This redesign will enhance quality in several ways. First, multiple benefits will be gained as a result of combining the survey course and the lab into a single course and single online classroom. Students will have the same faculty member and content sequence for both the survey and lab portion as well as a learning experience that integrates the survey and lab learning objectives and activities. Both students and faculty will have a more efficient classroom and learning management experience that allows more time for teaching and learning rather than duplicative classroom management activities. Second, consistency of the students' learning experience will be gained across multiple sections and faculty. The redesign will bring all aspects of Introduction to Biology into full alignment with national scientific literacy standards and practices, and create a clear and uniform path for all faculty and students. Consistency will also be achieved as a result of providing all students and faculty with a set of UMUC-created online modules, interactive learning activities, automated self-review materials, post-module assessments, virtual labs, and exemplary assignments. Faculty will be involved in the selection and design of these items, which will also build upon the expertise and best practices of the faculty themselves. Together, these approaches will focus the teaching and learning on the core general education content in all sections. Finally, the accessibility of the content and level of student engagement with it will improve by adjusting the reading level of the online modules.

The impact of the course redesign on student learning will be assessed via the common final exam process. A common final exam has been in use in Concepts of Biology since 2005, and in 2007 it was adapted by the biology department and the Office of Outcomes Assessment for use as the institution-level assessment tool for scientific literacy and reporting to MHEC. The information gained from the common exam process will be used to evaluate the curriculum and guide modifications to both teaching and content. UMUC will analyze and compare the final course grades using common criteria and the common final exam results in Concepts of Biology (pre-redesign) and Introduction to Biology (post-redesign).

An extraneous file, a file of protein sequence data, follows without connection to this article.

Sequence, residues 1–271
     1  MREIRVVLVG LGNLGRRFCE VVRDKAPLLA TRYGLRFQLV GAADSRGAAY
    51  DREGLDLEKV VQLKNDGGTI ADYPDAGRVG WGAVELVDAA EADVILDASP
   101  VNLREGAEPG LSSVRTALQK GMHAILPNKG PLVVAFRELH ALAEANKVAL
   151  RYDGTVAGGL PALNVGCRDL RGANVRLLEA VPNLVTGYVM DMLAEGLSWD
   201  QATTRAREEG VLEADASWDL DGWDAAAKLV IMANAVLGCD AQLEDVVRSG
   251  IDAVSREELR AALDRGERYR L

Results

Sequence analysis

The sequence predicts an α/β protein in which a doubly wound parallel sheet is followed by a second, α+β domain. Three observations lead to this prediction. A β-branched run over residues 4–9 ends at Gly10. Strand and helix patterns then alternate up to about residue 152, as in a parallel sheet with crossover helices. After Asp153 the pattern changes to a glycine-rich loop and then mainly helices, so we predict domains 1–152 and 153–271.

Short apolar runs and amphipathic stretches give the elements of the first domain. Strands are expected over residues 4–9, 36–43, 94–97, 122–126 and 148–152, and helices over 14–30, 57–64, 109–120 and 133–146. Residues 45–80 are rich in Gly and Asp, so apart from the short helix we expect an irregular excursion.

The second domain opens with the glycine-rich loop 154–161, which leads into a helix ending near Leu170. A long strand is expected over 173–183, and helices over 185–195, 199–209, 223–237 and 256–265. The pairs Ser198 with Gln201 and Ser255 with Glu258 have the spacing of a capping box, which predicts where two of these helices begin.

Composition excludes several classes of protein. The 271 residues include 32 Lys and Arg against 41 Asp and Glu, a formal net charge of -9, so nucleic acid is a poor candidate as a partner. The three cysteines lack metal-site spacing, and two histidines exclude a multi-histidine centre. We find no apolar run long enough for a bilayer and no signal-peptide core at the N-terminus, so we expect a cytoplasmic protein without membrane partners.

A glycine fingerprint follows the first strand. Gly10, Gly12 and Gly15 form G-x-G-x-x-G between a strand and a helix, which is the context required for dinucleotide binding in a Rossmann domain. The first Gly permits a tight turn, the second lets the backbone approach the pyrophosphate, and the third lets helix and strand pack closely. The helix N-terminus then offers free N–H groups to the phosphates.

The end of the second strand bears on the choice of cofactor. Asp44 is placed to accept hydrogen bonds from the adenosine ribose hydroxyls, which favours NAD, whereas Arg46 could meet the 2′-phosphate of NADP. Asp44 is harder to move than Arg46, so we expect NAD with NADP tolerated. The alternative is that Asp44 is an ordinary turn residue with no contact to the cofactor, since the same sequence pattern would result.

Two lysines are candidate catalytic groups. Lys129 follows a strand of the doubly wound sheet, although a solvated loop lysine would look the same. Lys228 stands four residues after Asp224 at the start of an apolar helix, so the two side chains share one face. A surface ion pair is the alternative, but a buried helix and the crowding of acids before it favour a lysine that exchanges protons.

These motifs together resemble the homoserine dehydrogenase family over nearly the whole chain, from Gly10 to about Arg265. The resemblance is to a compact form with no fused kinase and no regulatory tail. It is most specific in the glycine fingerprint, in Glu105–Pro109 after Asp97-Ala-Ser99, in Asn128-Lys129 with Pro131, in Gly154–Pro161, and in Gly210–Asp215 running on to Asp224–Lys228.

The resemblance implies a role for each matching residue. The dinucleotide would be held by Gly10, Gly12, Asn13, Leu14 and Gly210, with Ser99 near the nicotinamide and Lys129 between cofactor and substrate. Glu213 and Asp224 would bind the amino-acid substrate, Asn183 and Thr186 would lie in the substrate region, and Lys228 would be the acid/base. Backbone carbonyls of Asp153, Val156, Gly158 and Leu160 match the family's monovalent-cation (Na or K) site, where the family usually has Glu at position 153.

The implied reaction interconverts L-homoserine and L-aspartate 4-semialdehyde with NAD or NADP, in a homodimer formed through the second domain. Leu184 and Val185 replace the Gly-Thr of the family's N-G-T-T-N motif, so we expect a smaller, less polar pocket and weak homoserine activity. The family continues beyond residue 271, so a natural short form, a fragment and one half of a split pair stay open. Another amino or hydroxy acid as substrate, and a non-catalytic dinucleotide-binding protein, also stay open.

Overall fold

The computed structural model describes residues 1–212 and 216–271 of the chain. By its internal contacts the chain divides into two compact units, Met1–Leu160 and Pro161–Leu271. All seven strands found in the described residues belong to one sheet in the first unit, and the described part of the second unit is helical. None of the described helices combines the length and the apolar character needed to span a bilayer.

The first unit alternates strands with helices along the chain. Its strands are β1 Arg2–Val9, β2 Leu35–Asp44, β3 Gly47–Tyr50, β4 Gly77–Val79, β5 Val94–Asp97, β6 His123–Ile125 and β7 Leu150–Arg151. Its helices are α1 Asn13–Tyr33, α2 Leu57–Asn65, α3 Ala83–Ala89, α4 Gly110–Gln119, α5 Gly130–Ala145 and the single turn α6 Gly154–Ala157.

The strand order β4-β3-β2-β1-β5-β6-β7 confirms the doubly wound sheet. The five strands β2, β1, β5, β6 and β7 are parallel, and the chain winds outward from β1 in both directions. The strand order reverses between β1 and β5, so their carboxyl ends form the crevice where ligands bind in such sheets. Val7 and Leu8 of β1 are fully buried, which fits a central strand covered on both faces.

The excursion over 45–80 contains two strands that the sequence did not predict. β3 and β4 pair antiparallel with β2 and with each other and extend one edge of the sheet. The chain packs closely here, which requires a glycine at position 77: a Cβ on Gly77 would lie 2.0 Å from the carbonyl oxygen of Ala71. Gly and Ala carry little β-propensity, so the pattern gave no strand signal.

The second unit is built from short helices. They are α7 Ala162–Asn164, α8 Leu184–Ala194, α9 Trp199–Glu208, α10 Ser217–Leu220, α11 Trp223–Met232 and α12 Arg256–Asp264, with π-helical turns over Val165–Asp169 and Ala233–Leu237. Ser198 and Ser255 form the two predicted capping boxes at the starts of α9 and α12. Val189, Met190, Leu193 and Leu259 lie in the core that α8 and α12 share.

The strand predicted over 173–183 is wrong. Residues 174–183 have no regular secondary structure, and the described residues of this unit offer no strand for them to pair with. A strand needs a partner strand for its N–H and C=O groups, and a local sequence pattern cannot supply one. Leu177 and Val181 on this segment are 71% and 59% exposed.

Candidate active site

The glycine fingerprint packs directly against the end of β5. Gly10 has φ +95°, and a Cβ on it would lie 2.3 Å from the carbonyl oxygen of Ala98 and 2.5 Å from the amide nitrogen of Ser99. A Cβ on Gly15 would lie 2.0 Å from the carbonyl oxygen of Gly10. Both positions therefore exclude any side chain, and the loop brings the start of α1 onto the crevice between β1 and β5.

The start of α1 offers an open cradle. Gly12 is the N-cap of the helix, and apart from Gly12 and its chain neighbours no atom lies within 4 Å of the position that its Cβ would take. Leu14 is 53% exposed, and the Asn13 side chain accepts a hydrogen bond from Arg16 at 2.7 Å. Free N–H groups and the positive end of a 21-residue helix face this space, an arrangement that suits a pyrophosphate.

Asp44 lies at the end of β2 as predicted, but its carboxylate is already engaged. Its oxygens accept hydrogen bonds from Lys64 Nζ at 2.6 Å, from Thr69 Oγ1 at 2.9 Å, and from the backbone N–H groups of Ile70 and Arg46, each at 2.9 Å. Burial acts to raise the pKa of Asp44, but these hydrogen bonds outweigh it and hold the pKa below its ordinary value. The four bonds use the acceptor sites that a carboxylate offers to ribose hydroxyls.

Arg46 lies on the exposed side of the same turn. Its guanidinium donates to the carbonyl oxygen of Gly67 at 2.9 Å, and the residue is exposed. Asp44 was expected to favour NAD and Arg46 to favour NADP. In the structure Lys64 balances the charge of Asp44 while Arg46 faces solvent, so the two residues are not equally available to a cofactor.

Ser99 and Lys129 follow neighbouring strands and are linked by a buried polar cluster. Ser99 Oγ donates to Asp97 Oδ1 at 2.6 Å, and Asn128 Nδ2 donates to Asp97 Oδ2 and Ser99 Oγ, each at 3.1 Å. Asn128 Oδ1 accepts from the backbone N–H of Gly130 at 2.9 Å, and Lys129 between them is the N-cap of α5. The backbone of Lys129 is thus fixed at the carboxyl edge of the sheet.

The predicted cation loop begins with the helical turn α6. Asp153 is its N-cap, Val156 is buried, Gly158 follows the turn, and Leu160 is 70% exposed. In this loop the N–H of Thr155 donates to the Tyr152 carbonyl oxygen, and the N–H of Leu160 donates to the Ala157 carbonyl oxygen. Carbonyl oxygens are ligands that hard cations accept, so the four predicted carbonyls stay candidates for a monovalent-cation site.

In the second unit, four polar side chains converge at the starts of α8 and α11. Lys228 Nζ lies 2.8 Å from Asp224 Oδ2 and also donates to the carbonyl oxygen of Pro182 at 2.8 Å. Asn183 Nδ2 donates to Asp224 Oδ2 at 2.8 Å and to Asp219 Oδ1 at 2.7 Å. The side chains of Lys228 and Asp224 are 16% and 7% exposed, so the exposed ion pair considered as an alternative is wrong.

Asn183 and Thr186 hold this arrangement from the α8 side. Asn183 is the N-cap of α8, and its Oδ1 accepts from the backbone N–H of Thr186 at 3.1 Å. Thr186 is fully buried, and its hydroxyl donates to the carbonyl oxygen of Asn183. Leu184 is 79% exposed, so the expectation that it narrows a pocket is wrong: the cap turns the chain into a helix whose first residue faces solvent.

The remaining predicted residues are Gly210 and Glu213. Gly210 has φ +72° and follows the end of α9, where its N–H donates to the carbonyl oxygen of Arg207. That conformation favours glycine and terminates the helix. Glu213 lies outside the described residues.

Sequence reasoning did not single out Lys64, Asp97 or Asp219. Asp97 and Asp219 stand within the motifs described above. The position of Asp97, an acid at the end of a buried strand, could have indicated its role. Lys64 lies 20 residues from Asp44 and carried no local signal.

The redesigned course will reduce instructional costs by combining two courses into one, reducing the total number of sections from 138 to 65 and increasing the section size from 25 to 30 students per section. The total instructional cost of the two traditional courses, ~$430,000, will be reduced to ~$346,000 for the redesigned course, a 20% decrease generating $84,000 in savings. UMUC expects to save costs in several areas: 1) annual academic administration management and oversight, 2) annual instructional support management and maintenance, 3) tri-annual online course revision and development, 4) faculty time and instructional personnel, 5) final exam administration, and 6) students' instructional materials. The administrative savings will allow the university to distribute workflow differently and take on additional activities, especially important for UMUC in its current environment of rapidly increasing institutional enrollments. The development/revision savings will allow UMUC to develop additional online courses earlier than otherwise allowable or planned due to limited resources. A savings of faculty time will allow for a shift of GTA duties to faculty. The consequential elimination of GTAs will result in lower personnel costs. The adoption of virtual labs will eliminate the need for students to purchase a lab kit and supplementary household materials. In addition, UMUC hopes to achieve additional cost savings through increased student success. A decrease in the number of Ws will lead to fewer tuition refunds. A reduction in the number Fs and Ws will free "need to repeat" seats for new students, shifting the composition of the classes towards more new students per class.

Final Report (as of 6/1/09)

Impact on Students

In the redesign, did students learn more, less or the same compared to the traditional format?

Improved Learning

Two courses, a three-credit survey course and a one-credit laboratory course, were combined into a single four-credit course. Virtual labs replaced kitchen labs, and the content for the course was greatly enhanced.

Final exam questions were mapped to course objectives. Students in spring 2007 traditional sections scored correctly an average 26.62 of 40 test items on a common final exam. Students in redesigned sections in spring 2008 scored correctly an average 27.18 of 40. Students in the redesigned course did well on questions that mapped to the chemistry of cells and to the role of genes and the environment in evolution, topics which are difficult for the non-major to grasp. Opportunities for interaction and self-assessment on these two topics were significantly increased in the redesigned course.